There will always be a place for consumable goods. We buy Kombucha when travelling or out about town. But it seems silly to buy Kombucha by the case day after day when you can make your own for pennies a glass.
However, if brewing your own Kombucha just isn’t for you, you may be lucky enough to have a local Kombucha company or health food store that offers refillable growlers or reuses their bottles? This is also a sustainable solution, and it allows you to support small businesses.
Did You Know? We throw away enough glass bottles every month to fill a skyscraper. Those can be recycled or reused!
4. Infinite Abundance
Kombucha is one of many sustainable choices that you can make in the kitchen. Integrating more homemade foods into your routine also reduces waste and trash while saving money.
Even better, Kombucha cultures are always replicating, which means an infinite supply of Kombucha, provided it is properly cared for.
Once extra cultures are accumulated, they can be passed on to friends or used for home beauty products. Even over fermented Kombucha (too sour to drink) has a myriad of household uses including cleaning, pest control and wound care.
5. Return to Harmony with Nature
This is one of Kombucha Kamp’s mantras! Earth Day was begun to remind people that our actions affect our environment and in turn, affect everything on the planet. Despite our human inventions to “control” or separate ourselves from nature – air conditioning, heating, lights – time and again we are reminded that in the blink of an eye, the earth moves and what took hundreds if not thousands of years to build is wiped out in one fell swoop.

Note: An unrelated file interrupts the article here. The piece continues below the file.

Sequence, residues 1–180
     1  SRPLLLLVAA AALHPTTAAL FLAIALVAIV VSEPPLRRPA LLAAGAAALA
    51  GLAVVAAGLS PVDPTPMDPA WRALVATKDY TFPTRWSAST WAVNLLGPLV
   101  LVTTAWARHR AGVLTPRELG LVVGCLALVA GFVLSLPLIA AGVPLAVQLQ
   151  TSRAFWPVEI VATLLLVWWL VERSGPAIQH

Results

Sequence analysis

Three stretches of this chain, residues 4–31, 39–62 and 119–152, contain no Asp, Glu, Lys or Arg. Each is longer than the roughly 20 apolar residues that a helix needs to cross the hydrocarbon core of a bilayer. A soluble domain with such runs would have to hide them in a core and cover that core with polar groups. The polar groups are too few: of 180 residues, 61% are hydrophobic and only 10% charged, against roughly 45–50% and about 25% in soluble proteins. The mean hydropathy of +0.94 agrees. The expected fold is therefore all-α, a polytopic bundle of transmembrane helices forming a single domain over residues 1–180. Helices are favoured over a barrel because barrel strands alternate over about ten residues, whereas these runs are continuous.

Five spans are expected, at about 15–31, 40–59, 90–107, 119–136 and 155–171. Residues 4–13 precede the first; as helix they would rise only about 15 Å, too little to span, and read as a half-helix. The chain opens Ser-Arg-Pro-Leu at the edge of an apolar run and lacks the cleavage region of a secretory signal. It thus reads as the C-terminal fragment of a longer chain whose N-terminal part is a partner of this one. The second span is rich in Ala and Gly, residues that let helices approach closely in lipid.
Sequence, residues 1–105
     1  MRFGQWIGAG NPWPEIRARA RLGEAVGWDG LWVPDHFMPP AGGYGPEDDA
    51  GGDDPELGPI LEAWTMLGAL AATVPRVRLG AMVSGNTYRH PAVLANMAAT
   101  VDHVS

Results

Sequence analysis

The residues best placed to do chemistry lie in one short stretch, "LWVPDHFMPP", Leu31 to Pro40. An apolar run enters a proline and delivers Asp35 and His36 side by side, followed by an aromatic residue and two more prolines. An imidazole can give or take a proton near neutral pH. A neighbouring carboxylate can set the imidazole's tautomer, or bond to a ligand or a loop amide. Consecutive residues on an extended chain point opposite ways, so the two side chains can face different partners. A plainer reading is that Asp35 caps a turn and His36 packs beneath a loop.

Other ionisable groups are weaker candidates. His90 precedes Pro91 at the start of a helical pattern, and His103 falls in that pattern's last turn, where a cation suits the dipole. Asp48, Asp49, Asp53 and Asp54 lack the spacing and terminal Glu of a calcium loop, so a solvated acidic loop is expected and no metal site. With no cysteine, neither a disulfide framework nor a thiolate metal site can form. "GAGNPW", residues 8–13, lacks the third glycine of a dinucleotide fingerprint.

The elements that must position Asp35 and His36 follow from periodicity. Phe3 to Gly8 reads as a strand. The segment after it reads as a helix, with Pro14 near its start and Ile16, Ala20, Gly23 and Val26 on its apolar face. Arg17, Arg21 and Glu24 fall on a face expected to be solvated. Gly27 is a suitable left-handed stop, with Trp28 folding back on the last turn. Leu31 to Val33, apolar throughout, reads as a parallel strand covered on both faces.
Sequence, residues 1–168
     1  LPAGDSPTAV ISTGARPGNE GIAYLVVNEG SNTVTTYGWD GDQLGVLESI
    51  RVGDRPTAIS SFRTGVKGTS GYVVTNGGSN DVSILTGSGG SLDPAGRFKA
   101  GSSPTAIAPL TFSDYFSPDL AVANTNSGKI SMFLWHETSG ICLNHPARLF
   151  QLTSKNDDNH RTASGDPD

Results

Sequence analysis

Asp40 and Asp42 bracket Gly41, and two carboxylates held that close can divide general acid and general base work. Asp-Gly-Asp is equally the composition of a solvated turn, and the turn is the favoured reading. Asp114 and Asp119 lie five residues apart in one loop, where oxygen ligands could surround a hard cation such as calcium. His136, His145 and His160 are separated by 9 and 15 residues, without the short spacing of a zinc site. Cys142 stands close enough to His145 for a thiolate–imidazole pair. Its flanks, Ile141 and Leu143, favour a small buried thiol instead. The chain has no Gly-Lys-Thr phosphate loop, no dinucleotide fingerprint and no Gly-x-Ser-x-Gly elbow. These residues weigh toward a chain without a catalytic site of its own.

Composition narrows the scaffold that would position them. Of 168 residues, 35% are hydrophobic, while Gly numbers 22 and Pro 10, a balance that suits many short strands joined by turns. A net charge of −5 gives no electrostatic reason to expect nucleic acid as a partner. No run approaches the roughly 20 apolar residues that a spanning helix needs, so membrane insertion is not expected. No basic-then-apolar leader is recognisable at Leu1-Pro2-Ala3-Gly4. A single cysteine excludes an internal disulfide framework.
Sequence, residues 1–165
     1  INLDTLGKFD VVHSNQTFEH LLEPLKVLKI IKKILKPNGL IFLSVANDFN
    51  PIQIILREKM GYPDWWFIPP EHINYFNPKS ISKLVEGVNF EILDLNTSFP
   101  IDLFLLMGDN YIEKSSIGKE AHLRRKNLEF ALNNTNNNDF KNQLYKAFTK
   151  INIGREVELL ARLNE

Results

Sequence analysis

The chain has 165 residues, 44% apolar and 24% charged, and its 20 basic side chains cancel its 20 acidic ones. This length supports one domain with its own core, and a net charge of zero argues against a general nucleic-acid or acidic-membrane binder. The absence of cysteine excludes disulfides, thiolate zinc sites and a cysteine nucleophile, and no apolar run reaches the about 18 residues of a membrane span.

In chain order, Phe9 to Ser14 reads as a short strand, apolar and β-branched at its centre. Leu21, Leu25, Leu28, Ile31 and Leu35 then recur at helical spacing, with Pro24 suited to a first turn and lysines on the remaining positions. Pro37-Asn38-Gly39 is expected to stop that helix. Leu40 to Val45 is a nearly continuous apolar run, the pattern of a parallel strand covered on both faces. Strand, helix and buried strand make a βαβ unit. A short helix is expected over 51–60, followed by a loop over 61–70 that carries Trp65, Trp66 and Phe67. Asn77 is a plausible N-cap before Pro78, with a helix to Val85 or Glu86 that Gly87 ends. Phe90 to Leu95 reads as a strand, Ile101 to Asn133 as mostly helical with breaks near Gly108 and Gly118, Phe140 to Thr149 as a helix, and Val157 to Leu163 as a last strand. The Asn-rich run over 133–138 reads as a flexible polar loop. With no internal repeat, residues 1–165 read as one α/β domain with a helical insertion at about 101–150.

This doesn’t mean we ought to fear nature. Rather, we should honor nature. And we should remember every day, not just 1 day out of the year, that we are all connected through nature.
Kombucha, being of nature itself, is in tune with the same natural cycles that flow through our lives. In the winter, fermentation slows down as the culture semi-hibernates.
In the summer, it speeds up. Many have remarked that the flavor of their Kombucha is influenced by the phases of the moon.
A Culture That Contrasts
Moreover, when we drink Kombucha, we invite beneficial microorganisms into our internal ecosystem.
This is a contrast with so much of our daily reality, dictated by airbrushed images presented in advertising and television.
Our current culture is rife with falsity and drama to distract the viewer.
But there is an ancient wisdom, inherited through our DNA and thousands of years of evolution, that yearns to be utilized.
Kombucha is a way to experience that connection. Pay attention to the subtle yet palpable benefits you receive when the body returns to harmony with its true nature.
There is no separation and every day IS Earth Day because every single one of our actions has a direct effect on our eco-system. WE ARE NATURE!
Science is beginning to delve into these issues. For example, the Human Microbiome Project is extremely exciting. It’s primary purpose is reestablishing a healthy mental and physical relationship with bacteria.
That is exactly what Dr. Julie Segre discusses in this AWESOME video:
“No Longer Germ Warfare”
An interview with Dr. Julie Segre
NIH Intramural Researcher
The NIH Common Fund’s
Human Microbiome Project
The Human Microbiome Project